The Stranger (May 26, 1946)
Released on May 26, 1946: (running time 1 hour and 31 minutes) The most deceitful murderer a woman ever loved! His name is false, his background is phony, and he wants to marry the daughter of a Supreme Court Justice.
Produced by Sam Spiegel
Directed by Orson Welles
Written by Anthony Veiller, and Victor Trivas
The Actors: Edward G. Robinson (Mr. Wilson), Loretta Young (Mary Longstreet), Orson Welles (Professor Charles Rankin), Philip Merivale (Judge Adam Longstreet), Richard Long (Noah Longstreet), Konstantin Shayne (Konrad Meinike), Byron Keith (Dr. Jeffrey Lawrence), Billy House (Mr. Potter, merchant and town clerk), Martha Wentworth (Sara the housekeeper), David Bond (student), John Brown (passport photographer), Neal Dodd (the Minister), Ethan Laidlaw (Todd, the customer in Potter's store), Isabel O'Madigan (Mrs. Lawrence), Gerald Pierce (little kid throwing newspaper shreds), Johnny Sands (student jogging in woods), Erskine Sandford (party guest), Pietro Sosso (Mr. Peabody), Brother Theodore (Fairbright)
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Son of Hitler, His Bride, and the Body in the Woods
I wasn’t born until long after World War II had ended, but even as a youngster I remember the hunt . . . . It seems that several devoted followers of Hitler fled Europe before being caught, with the hopes of continuing their passion to rid the world of religions and peoples that they felt were inferior to them. As a youngster I remember several news events where some of these men were captured in a South American country as far away from Europe as was possible.
In this post-war thriller Edward G. Robinson is a detective on the search for one of these men. As the story opens the detective is arguing with prison officials in Czechoslovakia and demanding that they release the man in charge of a war concentration camp. This man is the only man in the world who knows the identity of the infamous Franz Kindler, mastermind of the brutal death of many innocent citizens. The detective follows the man who was allowed to escape from prison . . . . He follows the man across Europe and he follows the man as he boards a ship for America. The detective follows the escaped war criminal to a very small town in Connecticut. Here is where this suspense drama turns a very different corner for 1946 . . . . We, the audience, will be shown who the bad guy is, and we will watch as the terror begins.
The detective soon discovers who the bad guy is, and the bad guy knows why the detective is sticking around this small town in New England, and we know. . . . . But nobody else in quiet Harper, Connecticut knows what is going on under their noses. How does terror grow in a small, friendly village in New England? What will it take to bring the goosebumps to our flesh? We already know who is who, and we know that in Hollywood the good guy always wins, but what could complicate this cat-and-mouse thriller between these two men? The lovely, innocent beauty of actress Loretta Young. . . . Caught between the Devil and Death.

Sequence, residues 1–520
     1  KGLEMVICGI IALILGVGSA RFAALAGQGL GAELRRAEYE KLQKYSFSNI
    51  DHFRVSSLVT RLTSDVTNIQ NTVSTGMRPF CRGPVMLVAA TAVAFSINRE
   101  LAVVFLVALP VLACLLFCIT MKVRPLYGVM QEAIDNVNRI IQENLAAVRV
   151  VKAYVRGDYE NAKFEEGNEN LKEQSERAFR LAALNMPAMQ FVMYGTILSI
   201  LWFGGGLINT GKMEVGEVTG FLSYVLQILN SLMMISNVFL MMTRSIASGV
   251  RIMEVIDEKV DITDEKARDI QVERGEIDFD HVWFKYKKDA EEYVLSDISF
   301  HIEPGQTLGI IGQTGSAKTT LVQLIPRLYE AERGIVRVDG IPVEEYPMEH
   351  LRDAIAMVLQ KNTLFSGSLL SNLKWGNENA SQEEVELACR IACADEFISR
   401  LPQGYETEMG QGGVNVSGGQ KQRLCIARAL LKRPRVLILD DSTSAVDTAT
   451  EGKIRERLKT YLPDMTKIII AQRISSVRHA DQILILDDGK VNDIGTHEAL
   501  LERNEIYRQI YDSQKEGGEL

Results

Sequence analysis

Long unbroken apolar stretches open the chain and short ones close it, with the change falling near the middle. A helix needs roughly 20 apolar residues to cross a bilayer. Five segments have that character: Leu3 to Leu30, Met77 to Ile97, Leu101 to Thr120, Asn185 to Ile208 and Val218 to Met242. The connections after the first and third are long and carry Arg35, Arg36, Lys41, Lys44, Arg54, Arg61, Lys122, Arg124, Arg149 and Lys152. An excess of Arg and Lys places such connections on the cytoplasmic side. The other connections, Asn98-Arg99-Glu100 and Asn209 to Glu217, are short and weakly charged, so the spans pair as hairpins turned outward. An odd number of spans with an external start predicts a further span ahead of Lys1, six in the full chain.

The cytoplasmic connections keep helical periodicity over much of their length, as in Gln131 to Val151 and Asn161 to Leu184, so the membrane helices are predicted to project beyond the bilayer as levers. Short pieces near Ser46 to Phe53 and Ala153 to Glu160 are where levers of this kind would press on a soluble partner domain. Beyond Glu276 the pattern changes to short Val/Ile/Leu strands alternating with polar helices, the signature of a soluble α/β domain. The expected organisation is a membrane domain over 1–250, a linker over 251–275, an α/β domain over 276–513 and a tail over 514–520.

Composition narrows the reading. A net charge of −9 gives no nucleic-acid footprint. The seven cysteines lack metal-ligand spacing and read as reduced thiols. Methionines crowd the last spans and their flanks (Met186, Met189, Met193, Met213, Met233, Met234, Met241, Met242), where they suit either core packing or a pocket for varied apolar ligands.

As our detective arrives in the small peaceful village he discovers that it is the wedding day of young Mary Longstreet. She is getting married to the handsome young professor at the college in town . . . The new young professor of German heritage who settled in Harper just after the end of the war. Tension will mount as the detective tries to prove that the professor is Franz Kindler, and even when the professor confesses to his young wife that he has killed her beloved dog, she will stay loyal to him because of his lies about why he killed the old man who came to town looking for someone. He tells his beautiful young bride that murder is like a chain . . . One link leading to another link until it circles one’s neck . . . . And then we watch as he determines to add one more link to his chain of murder . . . . He decides that he must murder his young wife before he flees the small town, and we are helpless as we watch. . . . . As helpless as his young unsuspecting bride . . . . Ahhh . . . . You tell me that I haven’t mentioned the actor who plays the part of the bad guy? You would be correct . . . I have not mentioned the legendary Orson Welles, and I haven’t mentioned that Orson Welles also directed the terror that will unfold so quietly and subtly and pervasively as each minute passes. Terror that will slowly build until the Angel . . . The Avenging Angel made of iron in the church clock will do what must be done to relieve our terror. Pop a big bowl of white kernel popcorn with plenty of warm melted butter drizzled over it and enjoy the show.
Edward G. Robinson and Loretta Young
Edward G. Robinson
Edward G. Robinson
Konstantin Shayne and John Brown
Konstantin Shayne and Orson Welles
Konstantin Shayne and Loretta Young
Martha Wentworth and Loretta Young
Orson Welles and Billy House
Orson Welles and Byron Keith
Orson Welles and Byron Keith
Orson Welles and Loretta Young
Philip Merivale and Richard Long